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Google alerted Californians about an earthquake before it hit



Android phones around San Francisco’s Bay Area buzzed with an alert on Tuesday morning: A 4.8 magnitude earthquake was about to hit. “You may have felt shaking,” some of the messages read. Over a million Android The alert was seen by many users. It arrived moments before the ground moved for many users.

It’s not the first time Android Marc Stogaitis (project lead), says devices received the alerts. Android The Earthquake Alerts system. Because the Bay Area has so many people, the alert reached enough phone numbers to be noticed by the wider public. Earthquakes can strike without warning and have always caught people unaware, leaving them without any advance notice. Alerts like this aim to take some of the unpredictability out of earthquakes—even if by just a few seconds.

“One of the things we’re trying to do is build an earthquake early warning industry,” says Robert de Groot, who is part of the ShakeAlert operations team, a project under the United States Geological Survey that detects the first signs of earthquakes. “We’re doing things that we haven’t really ever thought of.”

The tech does not predict earthquakes—no one can do that, and the USGS also says it does not think it will learn to predict earthquakes “within the foreseeable future.” But it does detect them earlier than people usually feel them. And experts hope someday the alerts can be sent out even quicker, giving people more time to get out of harm’s way.

Time to go

Tuesday’s Android Alert was powered by data ShakeAlertThe Detects earthquakes on the West Coast, and gives the data to the state governments and other third parties. Google took steps to ensure that this information was more easily accessible in the precious few seconds. The company first integrated the alert into their own system and sent push notifications to those who were interested. Android Smartphones that are located in an earthquake zone can use the app without having to be downloaded separately.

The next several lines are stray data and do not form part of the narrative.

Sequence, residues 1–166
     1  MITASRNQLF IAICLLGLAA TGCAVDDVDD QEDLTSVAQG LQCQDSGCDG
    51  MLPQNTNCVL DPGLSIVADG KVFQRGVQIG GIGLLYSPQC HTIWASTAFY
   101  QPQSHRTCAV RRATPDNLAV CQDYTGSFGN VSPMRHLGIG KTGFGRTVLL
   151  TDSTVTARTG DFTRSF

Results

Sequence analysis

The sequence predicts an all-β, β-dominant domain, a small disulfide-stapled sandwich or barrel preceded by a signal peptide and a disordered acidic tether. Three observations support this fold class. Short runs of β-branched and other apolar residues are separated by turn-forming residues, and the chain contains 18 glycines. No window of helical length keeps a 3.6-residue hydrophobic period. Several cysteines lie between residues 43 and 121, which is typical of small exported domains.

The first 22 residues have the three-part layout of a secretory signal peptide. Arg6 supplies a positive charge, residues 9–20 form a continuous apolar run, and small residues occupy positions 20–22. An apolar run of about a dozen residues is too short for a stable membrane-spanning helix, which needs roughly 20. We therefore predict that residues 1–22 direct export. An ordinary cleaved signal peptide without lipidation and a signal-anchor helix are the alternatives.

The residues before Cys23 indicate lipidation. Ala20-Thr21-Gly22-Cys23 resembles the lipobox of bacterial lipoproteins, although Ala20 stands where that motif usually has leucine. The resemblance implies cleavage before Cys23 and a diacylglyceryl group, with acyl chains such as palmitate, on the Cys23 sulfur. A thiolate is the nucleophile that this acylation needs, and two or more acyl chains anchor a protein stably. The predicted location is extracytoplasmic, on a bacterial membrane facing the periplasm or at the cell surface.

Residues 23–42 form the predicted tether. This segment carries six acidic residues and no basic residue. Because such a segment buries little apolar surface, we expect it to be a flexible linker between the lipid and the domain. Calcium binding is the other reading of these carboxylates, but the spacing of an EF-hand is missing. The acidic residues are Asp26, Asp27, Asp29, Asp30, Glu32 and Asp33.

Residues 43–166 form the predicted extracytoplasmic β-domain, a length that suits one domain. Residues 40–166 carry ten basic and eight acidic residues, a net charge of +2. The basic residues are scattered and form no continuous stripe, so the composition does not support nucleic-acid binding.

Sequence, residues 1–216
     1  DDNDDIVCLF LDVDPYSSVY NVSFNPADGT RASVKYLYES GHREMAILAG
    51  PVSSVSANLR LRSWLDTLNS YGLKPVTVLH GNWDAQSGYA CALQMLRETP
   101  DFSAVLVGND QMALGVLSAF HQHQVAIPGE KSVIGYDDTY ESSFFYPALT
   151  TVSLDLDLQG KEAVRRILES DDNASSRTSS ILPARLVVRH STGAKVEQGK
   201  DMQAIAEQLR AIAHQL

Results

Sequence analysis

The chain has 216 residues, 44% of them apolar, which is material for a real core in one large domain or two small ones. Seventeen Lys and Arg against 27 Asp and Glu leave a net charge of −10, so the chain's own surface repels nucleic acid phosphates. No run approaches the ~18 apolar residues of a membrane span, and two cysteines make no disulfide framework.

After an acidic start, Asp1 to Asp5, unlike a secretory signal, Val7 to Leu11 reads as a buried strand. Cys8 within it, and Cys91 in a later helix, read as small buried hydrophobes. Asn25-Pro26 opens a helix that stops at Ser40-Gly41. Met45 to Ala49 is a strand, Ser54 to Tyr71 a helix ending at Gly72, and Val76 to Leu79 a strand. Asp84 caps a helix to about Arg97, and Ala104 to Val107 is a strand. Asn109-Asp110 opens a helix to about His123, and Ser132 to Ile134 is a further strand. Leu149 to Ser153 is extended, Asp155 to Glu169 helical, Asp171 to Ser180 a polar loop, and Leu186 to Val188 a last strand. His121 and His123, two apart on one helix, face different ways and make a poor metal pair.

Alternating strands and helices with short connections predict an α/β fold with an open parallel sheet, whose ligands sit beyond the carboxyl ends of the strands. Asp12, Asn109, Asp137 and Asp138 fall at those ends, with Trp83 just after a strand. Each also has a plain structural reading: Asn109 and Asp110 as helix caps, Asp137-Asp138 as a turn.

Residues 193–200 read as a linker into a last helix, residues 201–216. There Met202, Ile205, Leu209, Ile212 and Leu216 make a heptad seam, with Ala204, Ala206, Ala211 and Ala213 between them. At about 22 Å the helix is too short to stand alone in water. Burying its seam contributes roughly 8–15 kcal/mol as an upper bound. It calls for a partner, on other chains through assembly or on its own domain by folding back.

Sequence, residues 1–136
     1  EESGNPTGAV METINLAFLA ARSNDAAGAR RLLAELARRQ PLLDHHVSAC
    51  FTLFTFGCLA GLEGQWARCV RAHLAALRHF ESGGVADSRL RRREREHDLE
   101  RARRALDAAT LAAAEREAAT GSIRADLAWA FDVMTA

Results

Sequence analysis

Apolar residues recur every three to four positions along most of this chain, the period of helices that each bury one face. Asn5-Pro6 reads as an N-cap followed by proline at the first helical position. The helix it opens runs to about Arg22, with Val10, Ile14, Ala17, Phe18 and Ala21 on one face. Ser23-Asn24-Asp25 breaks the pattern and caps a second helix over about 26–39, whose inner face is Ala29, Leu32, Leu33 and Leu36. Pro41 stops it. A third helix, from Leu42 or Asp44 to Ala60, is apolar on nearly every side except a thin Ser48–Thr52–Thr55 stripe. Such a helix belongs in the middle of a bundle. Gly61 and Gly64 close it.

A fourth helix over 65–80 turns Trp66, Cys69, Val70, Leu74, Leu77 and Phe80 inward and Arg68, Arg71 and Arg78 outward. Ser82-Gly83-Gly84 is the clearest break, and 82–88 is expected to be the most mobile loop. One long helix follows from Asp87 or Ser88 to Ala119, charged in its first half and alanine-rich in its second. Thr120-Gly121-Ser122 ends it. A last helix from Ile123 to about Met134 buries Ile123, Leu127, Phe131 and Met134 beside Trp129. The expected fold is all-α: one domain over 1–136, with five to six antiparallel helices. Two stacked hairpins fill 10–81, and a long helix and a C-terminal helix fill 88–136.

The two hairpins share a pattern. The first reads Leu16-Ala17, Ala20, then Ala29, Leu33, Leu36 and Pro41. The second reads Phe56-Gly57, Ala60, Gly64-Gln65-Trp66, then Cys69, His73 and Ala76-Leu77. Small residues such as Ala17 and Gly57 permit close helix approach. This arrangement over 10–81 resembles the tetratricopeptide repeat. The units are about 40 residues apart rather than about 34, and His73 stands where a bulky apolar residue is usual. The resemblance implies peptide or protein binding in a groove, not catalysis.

Here’s how it works: When an earthquake occurs, it sends softer seismic waves, known as P waves, through the ground. Not everyone in the earthquake’s area will feel these, but a network of 1,300 USGS sensors do. If four sensors trigger simultaneously, the alert is transmitted to a processing center. The ShakeAlert system will determine if the data matches the criteria and send an alert to a processing center. It’s then that warning systems, like Google’s, an app called MyShake, or government agencies like the Federal Emergency Management Agency and transit systems, will interpret the data and send out alerts.

However, there are some limitations. There are limitations. USGS sensors can be expensive and placed strategically on the West Coast. According to de Groot, there will be 1,675 total sensors by 2025. Also, the quickly compiled magnitude measurements are only preliminary; Tuesday’s Android Alarm was raised to warn of an approaching 4.8 magnitude earthquake, but it was not measured until later. adjusted to 5.1.



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